Page last updated at 15:32 GMT, Wednesday, 14 May 2008 16:32 UK

UK expats face Spanish troubles

By Brian Hanrahan
BBC News, Costa del Sol, Spain

The hundreds of thousands of Britons who have moved to Spain in search of a better life have been hit by falling property prices, sometimes with devastating consequences.

When Maxine Crooknorth bought her home on Spain's south coast two years ago it seemed like the fresh start that she and her young son needed.

Pedro Solbes, Minister of Finance, talks about the risks of buying homes in Spain

Following the death of her partner, she could not afford to get on the property ladder in Britain. And like hundreds of thousands of ex-pats she longed for a new life in the sun.

"I thought it was absolutely brilliant when I came here," she says sitting on the lush garden terrace of her flat overlooking a golf course and a view down to the sea.

But the dream has turned very sour.

Spanish slowdown

As the Spanish economy has slowed down Maxine has found it impossible to find work to cover her mortgage.

She would like to sell up and go back to Britain. But she bought at the height of the decade-long property boom which made Spain one of the powerhouse economies of Europe attracting investment and immigrants.

Maxine Crooknorth
Maxine Crooknorth has been caught by the fall in property prices

That boom has come to an abrupt halt. As a result Maxine cannot sell her home even at 20% less than she paid.

"There just aren't the people out there who are buying at the moment," she says. "Some are but they want a real bargain. Which means that I'm losing an awful lot of money."

"If I can't sell the place I have looked at renting the property out. But again that's not really going to cover the mortgage. The other option is just to have to walk away and just to let the bank have it, which means we lose absolutely everything."

Widespread problem

Maxine is not alone in her predicament. She says that her son has had to say goodbye to seven of his British classmates because their families have found it too tough to stay in Spain.

The construction boom may be coming to an end
The construction boom may be coming to an abrupt end

And Maxine's mother, Sarah Smart, is facing losing the home she thought would provide for her retirement.

"We bought our house four years ago when everything was booming and there was plenty of work," says Sarah. "We bought it as a pension really and things have dried up and we are waiting for it to be repossessed.

"Its been on the market for two years. It started out at 495,000 euros and its now down to 360,000 and still we can't sell it."

The pain in Spain

Britons on the Costa del Sol are suffering a measure of the pain which the end of the housing boom is causing across the wider Spanish economy.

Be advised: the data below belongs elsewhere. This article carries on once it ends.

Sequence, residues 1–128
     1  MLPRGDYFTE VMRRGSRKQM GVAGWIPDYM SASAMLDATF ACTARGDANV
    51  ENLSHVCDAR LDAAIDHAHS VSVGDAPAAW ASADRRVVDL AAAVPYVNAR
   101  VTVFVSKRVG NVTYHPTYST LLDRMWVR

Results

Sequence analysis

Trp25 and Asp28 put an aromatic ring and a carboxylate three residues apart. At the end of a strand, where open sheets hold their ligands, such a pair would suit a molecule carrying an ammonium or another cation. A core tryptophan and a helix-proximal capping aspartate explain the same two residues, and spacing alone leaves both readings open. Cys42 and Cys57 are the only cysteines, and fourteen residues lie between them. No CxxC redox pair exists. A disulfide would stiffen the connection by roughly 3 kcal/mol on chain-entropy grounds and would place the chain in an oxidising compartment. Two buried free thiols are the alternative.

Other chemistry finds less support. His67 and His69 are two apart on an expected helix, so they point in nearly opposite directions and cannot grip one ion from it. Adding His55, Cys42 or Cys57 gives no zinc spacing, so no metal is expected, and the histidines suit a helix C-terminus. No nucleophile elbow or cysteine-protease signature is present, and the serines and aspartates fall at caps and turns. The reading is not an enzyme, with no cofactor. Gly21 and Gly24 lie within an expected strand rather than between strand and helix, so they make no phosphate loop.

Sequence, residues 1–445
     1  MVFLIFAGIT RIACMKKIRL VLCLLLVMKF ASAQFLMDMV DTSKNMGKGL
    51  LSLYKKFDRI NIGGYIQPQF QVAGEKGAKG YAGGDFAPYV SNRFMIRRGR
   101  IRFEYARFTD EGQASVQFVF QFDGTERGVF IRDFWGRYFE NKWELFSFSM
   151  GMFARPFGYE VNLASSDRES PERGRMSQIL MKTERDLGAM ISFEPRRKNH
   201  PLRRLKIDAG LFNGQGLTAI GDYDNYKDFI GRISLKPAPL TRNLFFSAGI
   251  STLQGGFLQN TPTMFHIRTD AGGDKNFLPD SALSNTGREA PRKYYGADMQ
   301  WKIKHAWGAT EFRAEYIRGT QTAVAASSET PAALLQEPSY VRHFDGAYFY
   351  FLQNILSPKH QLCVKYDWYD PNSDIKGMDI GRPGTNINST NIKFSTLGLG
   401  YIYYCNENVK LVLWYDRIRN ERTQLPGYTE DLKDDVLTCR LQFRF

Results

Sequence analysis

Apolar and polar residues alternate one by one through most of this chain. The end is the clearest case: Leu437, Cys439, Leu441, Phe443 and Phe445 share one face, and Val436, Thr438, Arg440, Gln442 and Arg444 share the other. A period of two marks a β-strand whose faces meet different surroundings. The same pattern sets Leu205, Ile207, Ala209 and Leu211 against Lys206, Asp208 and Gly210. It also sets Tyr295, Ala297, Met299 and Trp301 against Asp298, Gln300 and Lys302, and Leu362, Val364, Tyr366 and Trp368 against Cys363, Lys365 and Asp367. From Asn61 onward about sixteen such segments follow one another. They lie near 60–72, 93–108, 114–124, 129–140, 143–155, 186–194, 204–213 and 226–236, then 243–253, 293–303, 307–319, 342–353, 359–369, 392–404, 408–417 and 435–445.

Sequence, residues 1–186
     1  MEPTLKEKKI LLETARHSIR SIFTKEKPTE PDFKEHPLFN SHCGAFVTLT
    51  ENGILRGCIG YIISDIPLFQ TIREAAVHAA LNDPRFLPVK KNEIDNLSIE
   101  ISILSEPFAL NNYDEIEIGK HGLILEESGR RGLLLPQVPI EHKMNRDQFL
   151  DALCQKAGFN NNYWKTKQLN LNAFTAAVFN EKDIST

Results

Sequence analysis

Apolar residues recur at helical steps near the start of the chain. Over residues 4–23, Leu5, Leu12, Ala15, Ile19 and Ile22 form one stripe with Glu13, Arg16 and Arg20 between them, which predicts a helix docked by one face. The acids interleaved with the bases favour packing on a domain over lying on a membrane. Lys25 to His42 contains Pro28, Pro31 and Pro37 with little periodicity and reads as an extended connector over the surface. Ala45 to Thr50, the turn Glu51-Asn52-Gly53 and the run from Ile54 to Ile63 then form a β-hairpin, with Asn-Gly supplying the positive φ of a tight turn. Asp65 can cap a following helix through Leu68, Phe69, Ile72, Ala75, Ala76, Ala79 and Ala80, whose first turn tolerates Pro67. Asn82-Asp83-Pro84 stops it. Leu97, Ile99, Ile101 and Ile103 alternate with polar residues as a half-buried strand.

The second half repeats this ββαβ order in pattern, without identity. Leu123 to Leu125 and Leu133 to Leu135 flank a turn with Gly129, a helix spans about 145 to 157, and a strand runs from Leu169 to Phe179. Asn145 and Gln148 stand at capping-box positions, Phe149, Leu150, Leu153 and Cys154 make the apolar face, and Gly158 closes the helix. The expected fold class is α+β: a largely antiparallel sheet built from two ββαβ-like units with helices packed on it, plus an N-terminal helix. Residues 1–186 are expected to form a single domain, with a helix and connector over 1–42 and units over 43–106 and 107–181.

Estate agents report that house prices have fallen 30% in many areas; economic growth forecasts have been revised downwards.

Construction workers in Spain
The housing boom had boosted employment
Unemployment is rising and predicted to reach at least 10% by the end of the year.

So can Spain's woes simply be blamed on the global credit crunch?

The Spanish Finance Minister Pedro Solbes says not.

"Probably the international financial turmoil accelerated the problem but the problems were already there," he says.


Mr Solbes says the underlying cause of the slowdown is that the economy became too dependent on a construction sector that got overheated.

Over-building on the south coast is rampant
Over-building on the south coast is rampant
As a result thousands of homes have been built, or are still under construction, for which there are not enough buyers.

"We were insisting that the construction of 800,000 a year had no sense that we had to we had to come back to a more normal production of houses, around 500,000 houses and this is what is happening today."

If what is happening now is a correction then how long will it take for the economy to come out the other side. Mr Solbes hopes the worst of the pain to be over by the end of 2009.

But Spain's leading housing analysts say that in the long run the answer must be diversification so the economy doesn't have to rely on house building to provide growth.

"In Spain the dream is over," says the company's co-founder Fernando Encinar.

"Spain is like Ireland and the UK. We have to face a new situation: what is the source of the economy without the real estate market?"

See Brian Hanrahan's report on the BBC News at Ten on BBC1 on Wednesday 14 May.

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